On 13 December, to address the issue of "akiya", a new law came into force that targets irresponsible property owners. The law allows municipalities to spot neglected houses with visible damages, such as cracked windows or leaking roofs. These houses will face tax penalties if the owners do not fix the damages. Municipalities play a crucial role in reducing the number of hazardous empty houses that spoil the scenery.


The real estate tax for residential land is reduced to one-sixth or one-third of the property's appraised value, depending on the size of the lot. Under the previous system, vacant homes at risk of collapse were designated as "specified vacant home" and lost their eligibility for the tax credit if the municipality advised improvements. Under the new law, municipalities can designate homes at risk of becoming specified vacant homes if left unattended as "poorly managed long-unoccupied homes." Those homes will all lose eligibility for tax credits, just like specified vacant homes. The aim is to encourage owners to promptly provide maintenance on their properties, preventing them from collapsing due to neglect by effectively implementing a tax increase. The land ministry established criteria to determine what constitutes a poorly managed, unoccupied home, including the condition of damaged or deteriorating houses and fences, from the standpoints of safety, hygiene and appearance.


 
It seems foreigners will repopulate the Japanese countryside: here's the example of 44-year-old Australian Ned Watson, who purchased an abandoned house in the vicinity of Narita Airport. The advantages of living in Japan are not needing to drive to do the most basic things, affordable healthcare, being able to buy alcohol 24 hours a day, and the lack of guns and violence (Mr Watson used to work in the US).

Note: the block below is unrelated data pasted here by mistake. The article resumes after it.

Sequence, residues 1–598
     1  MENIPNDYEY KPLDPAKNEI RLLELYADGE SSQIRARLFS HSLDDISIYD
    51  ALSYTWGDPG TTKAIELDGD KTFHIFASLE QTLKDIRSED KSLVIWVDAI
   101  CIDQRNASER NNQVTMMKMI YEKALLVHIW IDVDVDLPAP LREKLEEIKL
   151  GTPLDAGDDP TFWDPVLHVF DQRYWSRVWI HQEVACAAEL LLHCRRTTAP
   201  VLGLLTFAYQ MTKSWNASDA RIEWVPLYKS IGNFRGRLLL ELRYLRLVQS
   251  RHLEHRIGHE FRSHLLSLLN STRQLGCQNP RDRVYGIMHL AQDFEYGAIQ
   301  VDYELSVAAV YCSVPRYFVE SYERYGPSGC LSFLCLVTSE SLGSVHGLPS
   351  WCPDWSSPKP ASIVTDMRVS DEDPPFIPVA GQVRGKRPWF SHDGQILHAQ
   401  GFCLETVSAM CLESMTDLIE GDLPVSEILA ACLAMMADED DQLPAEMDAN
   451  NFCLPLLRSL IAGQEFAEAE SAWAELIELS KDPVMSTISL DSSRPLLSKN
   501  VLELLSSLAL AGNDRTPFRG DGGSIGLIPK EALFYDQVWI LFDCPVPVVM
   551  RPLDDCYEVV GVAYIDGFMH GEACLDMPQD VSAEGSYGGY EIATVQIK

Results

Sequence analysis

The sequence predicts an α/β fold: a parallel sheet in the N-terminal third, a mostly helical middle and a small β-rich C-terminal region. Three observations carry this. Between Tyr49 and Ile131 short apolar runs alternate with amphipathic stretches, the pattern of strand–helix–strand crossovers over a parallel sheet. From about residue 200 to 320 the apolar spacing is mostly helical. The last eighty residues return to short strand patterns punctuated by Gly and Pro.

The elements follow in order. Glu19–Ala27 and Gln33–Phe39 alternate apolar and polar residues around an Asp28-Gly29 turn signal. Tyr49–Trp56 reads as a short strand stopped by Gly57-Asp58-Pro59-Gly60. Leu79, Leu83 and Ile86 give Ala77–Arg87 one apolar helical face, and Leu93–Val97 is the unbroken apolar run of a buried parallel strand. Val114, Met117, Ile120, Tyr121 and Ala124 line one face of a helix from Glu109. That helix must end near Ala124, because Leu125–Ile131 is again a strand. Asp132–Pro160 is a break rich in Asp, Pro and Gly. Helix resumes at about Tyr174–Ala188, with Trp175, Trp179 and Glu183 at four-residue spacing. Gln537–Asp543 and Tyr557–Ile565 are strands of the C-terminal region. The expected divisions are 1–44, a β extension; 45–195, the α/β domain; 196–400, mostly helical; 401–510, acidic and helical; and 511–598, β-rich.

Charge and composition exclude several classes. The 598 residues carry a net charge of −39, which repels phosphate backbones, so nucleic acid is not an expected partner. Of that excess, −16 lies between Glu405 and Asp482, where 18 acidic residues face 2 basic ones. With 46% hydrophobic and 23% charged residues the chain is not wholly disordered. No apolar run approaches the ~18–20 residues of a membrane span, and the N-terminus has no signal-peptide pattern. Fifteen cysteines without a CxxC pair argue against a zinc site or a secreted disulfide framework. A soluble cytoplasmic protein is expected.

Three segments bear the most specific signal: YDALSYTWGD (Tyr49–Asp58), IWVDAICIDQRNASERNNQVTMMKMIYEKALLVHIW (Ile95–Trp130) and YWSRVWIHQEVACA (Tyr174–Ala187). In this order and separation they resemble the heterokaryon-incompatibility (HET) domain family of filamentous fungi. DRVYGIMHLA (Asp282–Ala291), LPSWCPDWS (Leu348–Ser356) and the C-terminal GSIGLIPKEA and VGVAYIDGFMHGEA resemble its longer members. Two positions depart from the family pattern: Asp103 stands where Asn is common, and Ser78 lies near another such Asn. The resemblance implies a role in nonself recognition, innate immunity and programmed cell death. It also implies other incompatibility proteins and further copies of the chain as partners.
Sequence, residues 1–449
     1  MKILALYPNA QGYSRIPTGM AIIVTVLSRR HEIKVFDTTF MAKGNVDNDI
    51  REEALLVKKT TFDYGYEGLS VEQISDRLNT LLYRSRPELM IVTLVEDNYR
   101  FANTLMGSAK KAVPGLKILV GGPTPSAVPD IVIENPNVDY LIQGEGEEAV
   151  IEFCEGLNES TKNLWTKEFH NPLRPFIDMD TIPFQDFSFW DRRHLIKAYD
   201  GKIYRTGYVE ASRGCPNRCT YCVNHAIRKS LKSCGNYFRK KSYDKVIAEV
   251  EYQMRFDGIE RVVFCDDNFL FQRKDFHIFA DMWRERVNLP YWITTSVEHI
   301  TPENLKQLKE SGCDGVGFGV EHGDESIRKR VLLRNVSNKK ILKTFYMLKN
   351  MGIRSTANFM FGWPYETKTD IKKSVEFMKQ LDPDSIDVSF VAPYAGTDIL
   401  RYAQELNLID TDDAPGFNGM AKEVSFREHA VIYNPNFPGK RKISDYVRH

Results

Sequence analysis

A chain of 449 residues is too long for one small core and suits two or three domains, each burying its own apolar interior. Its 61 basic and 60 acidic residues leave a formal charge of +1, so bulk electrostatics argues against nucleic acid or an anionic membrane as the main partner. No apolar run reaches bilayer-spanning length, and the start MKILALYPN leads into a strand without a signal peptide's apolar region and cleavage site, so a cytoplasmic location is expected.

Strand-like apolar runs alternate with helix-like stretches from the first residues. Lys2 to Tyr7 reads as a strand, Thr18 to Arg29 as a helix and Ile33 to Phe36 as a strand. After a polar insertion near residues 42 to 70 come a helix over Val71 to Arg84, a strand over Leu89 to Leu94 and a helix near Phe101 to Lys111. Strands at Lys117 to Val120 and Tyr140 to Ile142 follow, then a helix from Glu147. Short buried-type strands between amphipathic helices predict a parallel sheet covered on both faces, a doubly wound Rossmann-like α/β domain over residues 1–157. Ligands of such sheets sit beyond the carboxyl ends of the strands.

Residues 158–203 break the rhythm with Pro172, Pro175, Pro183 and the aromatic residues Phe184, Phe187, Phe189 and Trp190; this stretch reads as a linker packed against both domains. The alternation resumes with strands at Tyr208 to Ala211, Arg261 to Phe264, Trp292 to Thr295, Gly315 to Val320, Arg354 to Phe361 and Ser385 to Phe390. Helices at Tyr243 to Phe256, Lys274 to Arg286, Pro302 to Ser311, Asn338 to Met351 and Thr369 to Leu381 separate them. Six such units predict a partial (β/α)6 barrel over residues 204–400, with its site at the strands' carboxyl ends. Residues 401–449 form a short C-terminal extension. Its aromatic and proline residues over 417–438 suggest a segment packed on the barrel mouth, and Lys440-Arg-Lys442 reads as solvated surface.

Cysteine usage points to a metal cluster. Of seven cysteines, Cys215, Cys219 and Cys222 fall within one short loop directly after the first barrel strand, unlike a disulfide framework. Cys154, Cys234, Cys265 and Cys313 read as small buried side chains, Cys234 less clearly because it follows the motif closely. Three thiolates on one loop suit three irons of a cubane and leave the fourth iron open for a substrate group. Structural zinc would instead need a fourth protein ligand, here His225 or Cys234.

I went onto a Japanese real-estate site here, and they all basically have access to the same database. I set up the criteria I wanted: less than 10 million JPY (or SD 66,696), to get to Tokyo Station within 90 minutes by train, more than 400 square meters of land, and within a 15-minute walk to a train station. I wanted as much land as possible simply because they're not making any more of it. I live in a little town called Shisui, which is in Chiba Prefecture. I'm right on the border of Narita City, which is one of the major international airports. My house was 6.6 million JPY (or USD 43,941). My neighbours said many people came to look at it, but at the end of the day, I'm the one who ended up buying it. The house had been unoccupied for two years. [...] I'm looking for a new job right now. But because my cost of living is so cheap, $1,000 a month is basically all I need to be happy.


Mr Watson in Chiba



Mr Watson in Chiba

One could argue about Mr Watson's sense of fashion but not his reasoning. :)


 
Back
Top Bottom